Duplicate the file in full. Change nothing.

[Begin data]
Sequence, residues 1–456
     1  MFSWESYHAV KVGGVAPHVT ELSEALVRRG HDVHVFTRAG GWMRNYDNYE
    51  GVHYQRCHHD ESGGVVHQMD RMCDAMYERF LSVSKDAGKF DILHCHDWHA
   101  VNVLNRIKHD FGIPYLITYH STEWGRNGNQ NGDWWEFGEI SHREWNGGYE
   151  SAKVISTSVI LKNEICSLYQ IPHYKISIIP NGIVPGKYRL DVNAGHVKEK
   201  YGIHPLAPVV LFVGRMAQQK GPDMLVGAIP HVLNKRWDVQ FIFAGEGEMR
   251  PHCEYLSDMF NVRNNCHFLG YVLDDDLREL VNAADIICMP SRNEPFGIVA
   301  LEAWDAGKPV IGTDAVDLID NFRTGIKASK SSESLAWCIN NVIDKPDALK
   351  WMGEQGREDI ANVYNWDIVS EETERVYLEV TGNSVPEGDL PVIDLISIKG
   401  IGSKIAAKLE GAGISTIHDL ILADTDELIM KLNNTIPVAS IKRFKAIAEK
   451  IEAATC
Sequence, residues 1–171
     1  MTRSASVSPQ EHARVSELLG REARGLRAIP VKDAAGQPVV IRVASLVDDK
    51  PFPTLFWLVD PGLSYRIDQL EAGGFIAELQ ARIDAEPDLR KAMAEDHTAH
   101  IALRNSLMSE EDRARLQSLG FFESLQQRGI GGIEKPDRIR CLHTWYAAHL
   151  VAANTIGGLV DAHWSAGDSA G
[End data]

Sequence, residues 1–456
     1  MFSWESYHAV KVGGVAPHVT ELSEALVRRG HDVHVFTRAG GWMRNYDNYE
    51  GVHYQRCHHD ESGGVVHQMD RMCDAMYERF LSVSKDAGKF DILHCHDWHA
   101  VNVLNRIKHD FGIPYLITYH STEWGRNGNQ NGDWWEFGEI SHREWNGGYE
   151  SAKVISTSVI LKNEICSLYQ IPHYKISIIP NGIVPGKYRL DVNAGHVKEK
   201  YGIHPLAPVV LFVGRMAQQK GPDMLVGAIP HVLNKRWDVQ FIFAGEGEMR
   251  PHCEYLSDMF NVRNNCHFLG YVLDDDLREL VNAADIICMP SRNEPFGIVA
   301  LEAWDAGKPV IGTDAVDLID NFRTGIKASK SSESLAWCIN NVIDKPDALK
   351  WMGEQGREDI ANVYNWDIVS EETERVYLEV TGNSVPEGDL PVIDLISIKG
   401  IGSKIAAKLE GAGISTIHDL ILADTDELIM KLNNTIPVAS IKRFKAIAEK
   451  IEAATC
Sequence, residues 1–171
     1  MTRSASVSPQ EHARVSELLG REARGLRAIP VKDAAGQPVV IRVASLVDDK
    51  PFPTLFWLVD PGLSYRIDQL EAGGFIAELQ ARIDAEPDLR KAMAEDHTAH
   101  IALRNSLMSE EDRARLQSLG FFESLQQRGI GGIEKPDRIR CLHTWYAAHL
   151  VAANTIGGLV DAHWSAGDSA G